The Royal hospitality didn’t just start perfectly. It also ensured that I departed perfectly. After I had concluded my business with the Dubai Government, the warm friendship followed me to the airport, and certain mechanisms were mobilised to ensure that I was offered a very special seat on the aircraft. It was my client’s way of saying ‘welcome’, ‘goodbye’, and ‘please come back’. The Service Manager moved me to seat 1F (First Class) on the Emirates B777. As seat numbers go, that was the Royal salute, and yet another way of reminding me that the warm embrace (and the Arabic-style kiss on both cheeks) meant that we became friends for life. Another time I flew, I was upgraded to seat 1A in First Class. This is not because I am a VIP, but because Emirates Airlines (and the movers-and-shakers of Dubai) treat people the way they like to be treated. Taking care of me, has nothing to do with my stature, but to do with their way of life. They treat people well because it is in their nature. They excel because it is natural for them to set a strong clear vision, from which they do not deviate — much like an honourable person does not deviate from the right path when an opportunity arises to make a quick-dirty-buck.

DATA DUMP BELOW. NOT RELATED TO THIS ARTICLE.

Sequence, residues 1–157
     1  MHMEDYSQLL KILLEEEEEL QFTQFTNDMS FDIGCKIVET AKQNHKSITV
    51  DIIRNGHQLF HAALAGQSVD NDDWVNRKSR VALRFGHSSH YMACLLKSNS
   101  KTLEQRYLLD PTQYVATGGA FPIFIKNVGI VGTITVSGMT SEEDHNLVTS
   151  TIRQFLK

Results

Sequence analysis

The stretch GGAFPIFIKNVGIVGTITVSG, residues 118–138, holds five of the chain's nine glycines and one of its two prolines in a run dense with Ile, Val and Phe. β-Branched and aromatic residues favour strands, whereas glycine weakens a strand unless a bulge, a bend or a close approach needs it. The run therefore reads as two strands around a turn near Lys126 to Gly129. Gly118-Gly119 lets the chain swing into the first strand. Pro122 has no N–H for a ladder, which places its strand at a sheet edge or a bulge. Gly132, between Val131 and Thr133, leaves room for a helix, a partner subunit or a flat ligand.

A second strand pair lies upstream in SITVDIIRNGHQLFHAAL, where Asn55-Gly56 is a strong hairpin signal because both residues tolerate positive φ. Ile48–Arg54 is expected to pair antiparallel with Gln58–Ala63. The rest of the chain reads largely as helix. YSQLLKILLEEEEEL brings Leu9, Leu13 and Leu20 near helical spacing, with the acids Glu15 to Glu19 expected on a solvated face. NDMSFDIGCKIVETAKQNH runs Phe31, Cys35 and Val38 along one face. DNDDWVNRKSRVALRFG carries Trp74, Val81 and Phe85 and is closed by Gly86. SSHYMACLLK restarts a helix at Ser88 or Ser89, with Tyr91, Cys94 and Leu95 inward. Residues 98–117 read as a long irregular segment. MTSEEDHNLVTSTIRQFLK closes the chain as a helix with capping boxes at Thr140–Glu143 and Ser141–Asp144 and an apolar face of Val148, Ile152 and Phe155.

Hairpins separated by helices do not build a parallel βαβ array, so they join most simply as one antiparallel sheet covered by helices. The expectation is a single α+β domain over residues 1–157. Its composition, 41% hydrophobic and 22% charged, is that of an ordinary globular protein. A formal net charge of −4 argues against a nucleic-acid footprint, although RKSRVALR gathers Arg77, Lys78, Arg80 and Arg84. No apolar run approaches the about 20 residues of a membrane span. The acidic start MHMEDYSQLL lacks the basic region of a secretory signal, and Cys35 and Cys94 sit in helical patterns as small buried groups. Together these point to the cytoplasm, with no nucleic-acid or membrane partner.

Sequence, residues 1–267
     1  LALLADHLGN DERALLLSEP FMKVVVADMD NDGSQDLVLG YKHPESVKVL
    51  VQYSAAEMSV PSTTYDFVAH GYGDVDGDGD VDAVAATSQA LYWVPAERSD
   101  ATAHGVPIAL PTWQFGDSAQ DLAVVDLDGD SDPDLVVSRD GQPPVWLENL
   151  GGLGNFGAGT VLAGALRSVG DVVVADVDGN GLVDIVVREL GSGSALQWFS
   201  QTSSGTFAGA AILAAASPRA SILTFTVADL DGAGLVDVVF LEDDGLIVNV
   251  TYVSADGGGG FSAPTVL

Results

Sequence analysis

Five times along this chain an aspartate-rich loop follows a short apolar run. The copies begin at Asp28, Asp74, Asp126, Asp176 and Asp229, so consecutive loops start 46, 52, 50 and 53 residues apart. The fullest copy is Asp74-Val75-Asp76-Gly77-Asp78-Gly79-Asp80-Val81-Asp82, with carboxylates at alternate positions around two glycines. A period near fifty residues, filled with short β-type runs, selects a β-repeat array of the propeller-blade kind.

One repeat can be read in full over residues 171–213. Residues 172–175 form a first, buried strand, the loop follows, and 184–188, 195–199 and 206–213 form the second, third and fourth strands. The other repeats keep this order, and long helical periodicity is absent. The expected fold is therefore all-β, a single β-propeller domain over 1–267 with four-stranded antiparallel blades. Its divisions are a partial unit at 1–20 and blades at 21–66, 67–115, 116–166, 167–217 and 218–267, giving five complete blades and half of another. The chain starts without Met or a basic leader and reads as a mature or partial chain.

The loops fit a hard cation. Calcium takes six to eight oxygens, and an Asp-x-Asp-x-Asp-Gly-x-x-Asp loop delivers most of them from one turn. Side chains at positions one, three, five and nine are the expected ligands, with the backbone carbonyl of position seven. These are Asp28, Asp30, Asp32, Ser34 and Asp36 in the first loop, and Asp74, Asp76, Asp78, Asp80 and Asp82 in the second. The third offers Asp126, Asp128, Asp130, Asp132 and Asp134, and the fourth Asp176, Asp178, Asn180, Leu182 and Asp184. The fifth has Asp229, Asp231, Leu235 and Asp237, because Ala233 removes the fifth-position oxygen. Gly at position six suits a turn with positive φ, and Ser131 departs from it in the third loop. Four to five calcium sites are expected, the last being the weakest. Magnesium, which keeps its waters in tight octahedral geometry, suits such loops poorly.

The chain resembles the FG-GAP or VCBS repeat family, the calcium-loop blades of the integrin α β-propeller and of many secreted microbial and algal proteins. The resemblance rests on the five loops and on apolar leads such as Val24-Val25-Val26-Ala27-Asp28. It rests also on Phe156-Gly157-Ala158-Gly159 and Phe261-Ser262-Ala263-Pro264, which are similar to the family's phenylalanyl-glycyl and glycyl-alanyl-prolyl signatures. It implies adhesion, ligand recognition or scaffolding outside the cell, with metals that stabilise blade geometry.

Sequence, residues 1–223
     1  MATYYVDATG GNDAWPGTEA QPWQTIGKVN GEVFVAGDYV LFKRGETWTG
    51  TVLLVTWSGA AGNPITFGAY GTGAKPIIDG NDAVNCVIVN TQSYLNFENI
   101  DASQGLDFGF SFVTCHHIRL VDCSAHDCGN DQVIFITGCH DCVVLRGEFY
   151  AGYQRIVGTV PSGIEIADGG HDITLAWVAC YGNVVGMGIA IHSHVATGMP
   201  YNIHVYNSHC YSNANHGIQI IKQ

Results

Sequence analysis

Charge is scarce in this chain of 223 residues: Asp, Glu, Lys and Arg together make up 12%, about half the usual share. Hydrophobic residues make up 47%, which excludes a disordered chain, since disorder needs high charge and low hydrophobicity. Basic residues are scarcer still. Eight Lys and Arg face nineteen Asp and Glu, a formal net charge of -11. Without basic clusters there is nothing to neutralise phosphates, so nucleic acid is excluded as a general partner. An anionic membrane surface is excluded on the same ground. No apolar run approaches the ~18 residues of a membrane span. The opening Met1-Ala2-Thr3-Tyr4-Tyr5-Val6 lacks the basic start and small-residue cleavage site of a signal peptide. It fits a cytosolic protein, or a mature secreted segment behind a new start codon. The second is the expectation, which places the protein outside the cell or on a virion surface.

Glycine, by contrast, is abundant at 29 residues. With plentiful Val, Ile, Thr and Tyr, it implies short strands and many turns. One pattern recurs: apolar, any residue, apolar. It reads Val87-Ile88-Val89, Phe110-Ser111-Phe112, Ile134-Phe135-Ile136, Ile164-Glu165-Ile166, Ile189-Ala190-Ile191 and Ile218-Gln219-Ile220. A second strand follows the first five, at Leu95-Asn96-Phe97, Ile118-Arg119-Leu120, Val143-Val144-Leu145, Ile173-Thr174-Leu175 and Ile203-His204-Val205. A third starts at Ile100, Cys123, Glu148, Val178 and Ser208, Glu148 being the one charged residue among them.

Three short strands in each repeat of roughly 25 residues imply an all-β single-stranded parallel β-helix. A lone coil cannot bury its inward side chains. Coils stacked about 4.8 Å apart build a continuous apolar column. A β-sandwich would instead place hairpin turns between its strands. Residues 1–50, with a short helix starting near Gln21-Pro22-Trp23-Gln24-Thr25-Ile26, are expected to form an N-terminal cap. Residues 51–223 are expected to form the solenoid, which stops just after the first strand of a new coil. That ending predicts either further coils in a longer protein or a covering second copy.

I am posting this story after I noticed that American Express was asking about the levels of customer service in Australia. I have to say that Australian hospitality, although fun, relaxed, and chummy at a personal level, does not exist at the corporate level. Australian companies have a lot to learn from the Arabs. Many still don’t understand Middle Eastern culture. Just study the stellar rise of Emirates, and you will start to see that the world did not need another airline. There were well-established players already dominating the market. How did this newcomer break all the records to become the world’s leader? I will not say that it was due to ‘customer service’, because those two words don’t mean much these days. So I’ll put it down to: 1) The Crown Prince and the His Highness the Ruler, taking a real & personal interest in this Airline (and in all their investments); and 2) Arabic culture and hospitality is infused into everything the Airline does, by injecting the highest possible quality. There you have it. Simple. We don’t need graphs and market analysis. It all comes from the heart. Oh, and don’t forget the great food. (By the way, you might notice that actor Bryan Wiseman likes American Express. Don’t bet on it. He and I share a loathing for American Express. I presume he pressed the Like button so that he could vote and tell Amex where to go.)